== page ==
Feline Calicivirus Symptoms

Feline calicivirus is an infection that causes upper respiratory diseases in cats. The strain of virus that infects pets often determines the severity of calicivirus present. Since feline calicivirus is contagious, pet owners should promptly diagnose cats that exhibit any symptoms of upper respiratory infection. Although the disease affects cats of all age groups, pets kept at boarding facilities and cats with weak immune systems are more susceptible to it. In addition, kittens and cats over 10 years of age are at greater risk of contracting viral infections.

Transmission of Feline Calicivirus

The most common form of transmission is through direct contact with nasal and eye discharge of infected cats. Pets living within close proximity to cats suffering from eye discharge are more likely to become infected. In addition, food or water bowls contaminated with the virus may serve as a carrier of infection to healthy pets. Pet owners who keep cats at boarding facilities should ensure a safe distance between individual units, and separate food and water bowls.

Symptoms of Feline Calicivirus Include:

  • Nasal and eye discharge
  • Ulcers in the mouth or palate
  • Periodontal diseases such as gingivitis
  • Inflammation of the nasal lining
  • Lameness in the joints

Other Symptoms of Feline Calicivirus

Since the type of symptom exhibited differs in individual pets, some cats may suffer from runny nose and mild fever. Calicivirus that's not treated promptly can lead to pneumonia and often causes chronic gingivitis. Some pets also become depressed and incapable of consuming food and water, due to the discomfort caused by the virus. Pets suffering from persistent symptoms despite treatment require further diagnosis to determine underlying health conditions.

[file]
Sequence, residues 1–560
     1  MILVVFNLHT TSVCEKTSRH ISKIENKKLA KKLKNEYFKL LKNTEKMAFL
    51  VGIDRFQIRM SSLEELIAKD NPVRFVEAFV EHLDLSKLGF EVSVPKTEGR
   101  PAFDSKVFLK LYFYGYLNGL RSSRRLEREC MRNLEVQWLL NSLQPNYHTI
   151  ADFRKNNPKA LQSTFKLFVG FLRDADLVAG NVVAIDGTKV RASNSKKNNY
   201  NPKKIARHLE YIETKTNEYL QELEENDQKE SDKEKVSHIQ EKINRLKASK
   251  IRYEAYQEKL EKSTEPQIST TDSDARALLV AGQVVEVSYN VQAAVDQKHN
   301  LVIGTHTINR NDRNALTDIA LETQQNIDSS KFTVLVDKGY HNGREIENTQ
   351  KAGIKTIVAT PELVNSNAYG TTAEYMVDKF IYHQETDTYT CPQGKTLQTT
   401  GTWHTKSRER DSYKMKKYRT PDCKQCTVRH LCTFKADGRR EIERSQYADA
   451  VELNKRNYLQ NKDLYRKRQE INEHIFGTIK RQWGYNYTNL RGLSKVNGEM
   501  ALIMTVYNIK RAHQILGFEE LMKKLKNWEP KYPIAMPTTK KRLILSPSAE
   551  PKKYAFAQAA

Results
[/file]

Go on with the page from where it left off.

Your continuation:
Diagnosis of Feline Calicivirus

The vet will perform a thorough physical examination of the cat and consider the cat's risk of previous exposure to the virus. After obtaining the medical history, the vet will perform a polymerase chain reaction (PCR) test that detects the DNA of certain strains of viruses. PCR tests provide quick results and are preferred over other methods of testing. The vet will also obtain a sample of the cat's conjunctiva to diagnose secondary bacterial infections. Oral ulcers are often a strong clinical indicator of feline calicivirus. If feline calicivirus is undetected, the vet will perform fluroscein stain testing to diagnose corneal ulcers associated with feline rhinotracheitis. Other diagnostic tests include testing for the feline aids virus and feline leukemia virus.

Treatment of Feline Calicivirus

The aim of treatment is to support the cat with IV fluids to prevent dehydration. Although antibiotic medicines are prescribed, they're generally used to cure secondary bacterial infections present in the eyes, nose and mouth. Cats suffering from calicivirus should be given plenty of rest and prevented from roaming outdoors. Sick cats should also be kept away from healthy pets.


Although feline calicivirus doesn't lead to death if pets are treated with medication, the cat may become a carrier of the virus and shed it during times of stress. It's best to vaccinate cats for calicivirus as early as 6 weeks of age. Yearly booster injections may also be necessary for certain pets.

Talk with your vet about vaccines that should be administered to cats to protect them from viral diseases. All cats should receive core vaccines to safeguard them from fatal infections.